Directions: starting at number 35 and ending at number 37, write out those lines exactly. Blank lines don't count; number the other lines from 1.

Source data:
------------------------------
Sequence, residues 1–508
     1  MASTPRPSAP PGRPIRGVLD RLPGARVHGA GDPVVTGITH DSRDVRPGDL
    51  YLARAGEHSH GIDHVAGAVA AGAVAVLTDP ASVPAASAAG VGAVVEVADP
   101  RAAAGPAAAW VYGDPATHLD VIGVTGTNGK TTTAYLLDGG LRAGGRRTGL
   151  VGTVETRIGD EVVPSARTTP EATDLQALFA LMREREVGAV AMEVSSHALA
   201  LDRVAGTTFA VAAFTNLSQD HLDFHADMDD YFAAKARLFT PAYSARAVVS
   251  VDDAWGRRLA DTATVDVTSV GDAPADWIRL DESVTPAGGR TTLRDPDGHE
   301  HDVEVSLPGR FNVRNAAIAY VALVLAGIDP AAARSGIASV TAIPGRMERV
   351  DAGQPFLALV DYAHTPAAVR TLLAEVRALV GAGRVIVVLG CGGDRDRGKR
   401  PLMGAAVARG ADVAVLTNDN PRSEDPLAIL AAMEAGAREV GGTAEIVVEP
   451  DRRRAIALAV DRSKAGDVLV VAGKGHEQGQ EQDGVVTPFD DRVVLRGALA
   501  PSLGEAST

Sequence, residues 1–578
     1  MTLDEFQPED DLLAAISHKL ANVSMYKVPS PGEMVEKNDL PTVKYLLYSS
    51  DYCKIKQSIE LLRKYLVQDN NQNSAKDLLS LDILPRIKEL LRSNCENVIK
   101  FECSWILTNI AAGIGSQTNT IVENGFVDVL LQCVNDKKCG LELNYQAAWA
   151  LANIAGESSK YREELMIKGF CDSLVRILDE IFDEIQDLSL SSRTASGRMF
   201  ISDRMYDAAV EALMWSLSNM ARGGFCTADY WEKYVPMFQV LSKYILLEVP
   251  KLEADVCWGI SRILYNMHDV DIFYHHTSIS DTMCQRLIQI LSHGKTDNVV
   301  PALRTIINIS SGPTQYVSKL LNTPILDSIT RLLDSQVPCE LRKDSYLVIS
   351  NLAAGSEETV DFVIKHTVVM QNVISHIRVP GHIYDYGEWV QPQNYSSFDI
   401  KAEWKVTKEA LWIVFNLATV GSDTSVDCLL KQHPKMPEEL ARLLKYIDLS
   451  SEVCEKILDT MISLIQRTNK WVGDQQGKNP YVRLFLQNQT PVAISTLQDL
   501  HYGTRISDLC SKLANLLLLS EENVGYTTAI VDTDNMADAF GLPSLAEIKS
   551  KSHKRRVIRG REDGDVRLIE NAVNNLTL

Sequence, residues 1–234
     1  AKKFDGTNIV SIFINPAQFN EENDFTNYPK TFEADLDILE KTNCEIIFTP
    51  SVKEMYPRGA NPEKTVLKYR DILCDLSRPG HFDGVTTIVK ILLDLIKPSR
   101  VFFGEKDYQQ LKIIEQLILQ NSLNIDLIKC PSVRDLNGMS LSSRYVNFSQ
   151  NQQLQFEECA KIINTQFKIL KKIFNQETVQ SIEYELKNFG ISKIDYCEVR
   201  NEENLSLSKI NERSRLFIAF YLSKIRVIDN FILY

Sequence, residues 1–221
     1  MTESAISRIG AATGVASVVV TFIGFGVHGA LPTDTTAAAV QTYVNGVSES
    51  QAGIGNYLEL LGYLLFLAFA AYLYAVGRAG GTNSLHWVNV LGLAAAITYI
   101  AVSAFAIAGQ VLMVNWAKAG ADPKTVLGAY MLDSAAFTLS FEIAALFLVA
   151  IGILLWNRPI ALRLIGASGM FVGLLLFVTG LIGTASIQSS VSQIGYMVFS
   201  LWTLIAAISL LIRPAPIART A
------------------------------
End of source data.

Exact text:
   101  AVSAFAIAGQ VLMVNWAKAG ADPKTVLGAY MLDSAAFTLS FEIAALFLVA
   151  IGILLWNRPI ALRLIGASGM FVGLLLFVTG LIGTASIQSS VSQIGYMVFS
   201  LWTLIAAISL LIRPAPIART A